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Smart factories hail the next industrial revolution

Change is inevitable. It’s a fact of life. But in the manufacturing sector, one must be at the forefront of change or else risk your bottom line.

We’re in the midst of another industrial revolution: Industry 4.0. Coined at the 2011 Hannover Fair in Germany, Industry 4.0 is a high-tech strategy that marries computerized manufacturing and the Internet of Things to create so-called “smart factories.”  In the Industry 4.0 age, factory robots communicate with each other and with humans using cyber-physical systems, internet-enabled communications, and cloud computing. This newfound communicative ability allows them to complete tasks that are too difficult or too dangerous for humans, provide information and visualizations to aid humans in decision-making and— most remarkably—make decentralized decisions and perform tasks autonomously.

While the theory behind Industry 4.0 is well-developed, little research has been done to find out how this new-age manufacturing industry will affect existing businesses, how they can adapt, and how they can stay relevant.

That’s where Productique Québec steps in.

As a technical consulting company, Productique Québec is well aware that Industry 4.0 could change the way Canadian manufacturers do business. But until recently, they lacked the research to back up their understanding. So they engaged Mitacs to bring on a student researcher to do just that.

“We needed to reinforce our understanding of Industry 4.0, so we could better help Canadian companies maintain a competitive advantage and stay relevant in this changing world,” said Sébastien Houle, Executive Director, Productique Québec. “By working with the Mitacs internship program, we were able to be very involved in the research study while giving a PhD student industry experience. It was a win-win.”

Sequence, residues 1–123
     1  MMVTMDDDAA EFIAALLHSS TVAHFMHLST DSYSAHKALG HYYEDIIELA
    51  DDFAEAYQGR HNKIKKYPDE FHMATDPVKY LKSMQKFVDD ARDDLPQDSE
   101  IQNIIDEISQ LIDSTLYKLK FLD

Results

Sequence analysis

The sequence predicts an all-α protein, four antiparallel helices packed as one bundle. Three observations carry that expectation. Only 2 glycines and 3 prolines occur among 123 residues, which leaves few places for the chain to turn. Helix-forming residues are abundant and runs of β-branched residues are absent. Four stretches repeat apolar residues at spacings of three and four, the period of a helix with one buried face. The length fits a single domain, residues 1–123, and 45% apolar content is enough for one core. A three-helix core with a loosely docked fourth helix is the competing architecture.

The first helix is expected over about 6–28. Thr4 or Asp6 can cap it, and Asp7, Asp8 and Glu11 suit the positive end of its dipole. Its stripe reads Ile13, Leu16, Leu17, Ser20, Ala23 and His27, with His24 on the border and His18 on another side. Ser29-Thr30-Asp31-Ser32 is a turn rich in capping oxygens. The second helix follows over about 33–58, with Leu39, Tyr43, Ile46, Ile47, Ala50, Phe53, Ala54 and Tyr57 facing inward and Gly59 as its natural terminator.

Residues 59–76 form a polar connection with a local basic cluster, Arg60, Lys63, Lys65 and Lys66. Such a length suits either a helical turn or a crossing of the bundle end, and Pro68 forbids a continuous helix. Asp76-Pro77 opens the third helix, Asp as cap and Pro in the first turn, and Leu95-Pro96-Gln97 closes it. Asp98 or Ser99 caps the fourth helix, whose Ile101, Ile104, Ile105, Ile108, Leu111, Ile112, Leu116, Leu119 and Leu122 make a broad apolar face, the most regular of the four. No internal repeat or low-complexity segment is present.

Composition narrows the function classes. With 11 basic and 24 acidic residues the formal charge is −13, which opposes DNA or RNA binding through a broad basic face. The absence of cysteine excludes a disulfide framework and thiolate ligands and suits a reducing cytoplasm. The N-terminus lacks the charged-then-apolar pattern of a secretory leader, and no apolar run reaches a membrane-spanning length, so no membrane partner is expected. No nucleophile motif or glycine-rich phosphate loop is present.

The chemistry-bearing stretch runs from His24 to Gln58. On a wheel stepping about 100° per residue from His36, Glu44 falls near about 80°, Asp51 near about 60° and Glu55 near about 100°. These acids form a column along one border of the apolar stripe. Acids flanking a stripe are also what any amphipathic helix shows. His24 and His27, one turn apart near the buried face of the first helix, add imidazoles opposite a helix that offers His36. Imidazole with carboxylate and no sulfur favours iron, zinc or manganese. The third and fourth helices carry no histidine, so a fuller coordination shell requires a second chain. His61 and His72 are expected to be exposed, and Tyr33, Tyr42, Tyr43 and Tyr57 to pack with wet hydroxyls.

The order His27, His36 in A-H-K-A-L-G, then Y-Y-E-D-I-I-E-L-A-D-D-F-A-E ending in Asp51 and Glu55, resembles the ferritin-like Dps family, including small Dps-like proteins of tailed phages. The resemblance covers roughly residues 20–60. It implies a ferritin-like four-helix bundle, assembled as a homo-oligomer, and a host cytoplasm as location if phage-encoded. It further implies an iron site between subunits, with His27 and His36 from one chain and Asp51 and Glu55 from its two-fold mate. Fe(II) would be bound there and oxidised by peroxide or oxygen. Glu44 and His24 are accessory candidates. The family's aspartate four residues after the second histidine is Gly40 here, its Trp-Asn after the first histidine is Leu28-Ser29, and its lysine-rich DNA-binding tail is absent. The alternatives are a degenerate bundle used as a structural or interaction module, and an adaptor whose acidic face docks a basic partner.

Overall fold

Soon, student researcher Sébastien Gamache from Université du Québec à Trois-Rivières set out to compare current Industry 4.0 practices worldwide and develop a plan of best practices. He used this research to help Productique Québec and the Government of Québec to develop tools to support a digital strategy for manufacturers that will launch this fall.

“Industry 4.0 can have a huge economic impact for businesses in this country,” says Houle. “And it won’t be the last revolution we see,” adding that by doing research, they’re able to find out the best way to make data and technology work together — so the right information can get to the right people, at the right time.

“Now that we’ve reinforced our understanding of what we’re dealing with, we’re better suited to make recommendations to the businesses we support,” Houle says.

Productique Québec has already engaged Mitacs to complete a second research project that will build on the success of the first one.

And Gamache? He recently presented at a conference in Tunisia about Productique Québec’s findings on Industry 4.0.

“Our Mitacs intern, Sébastien, did such a great job on this project — we wanted to shine the spotlight on him and give him a chance to share his knowledge with the world,” says Houle. 


Mitacs would like to thank the Government of Canada, along with Alberta Innovates, the Government of British Columbia, Research Manitoba, the Government of New Brunswick, the Research & Development Corporation of Newfoundland and Labrador, the Government of Nova Scotia, the Government of Prince Edward Island, the Government of Quebec, and the Government of Saskatchewan for their support of Mitacs Accelerate.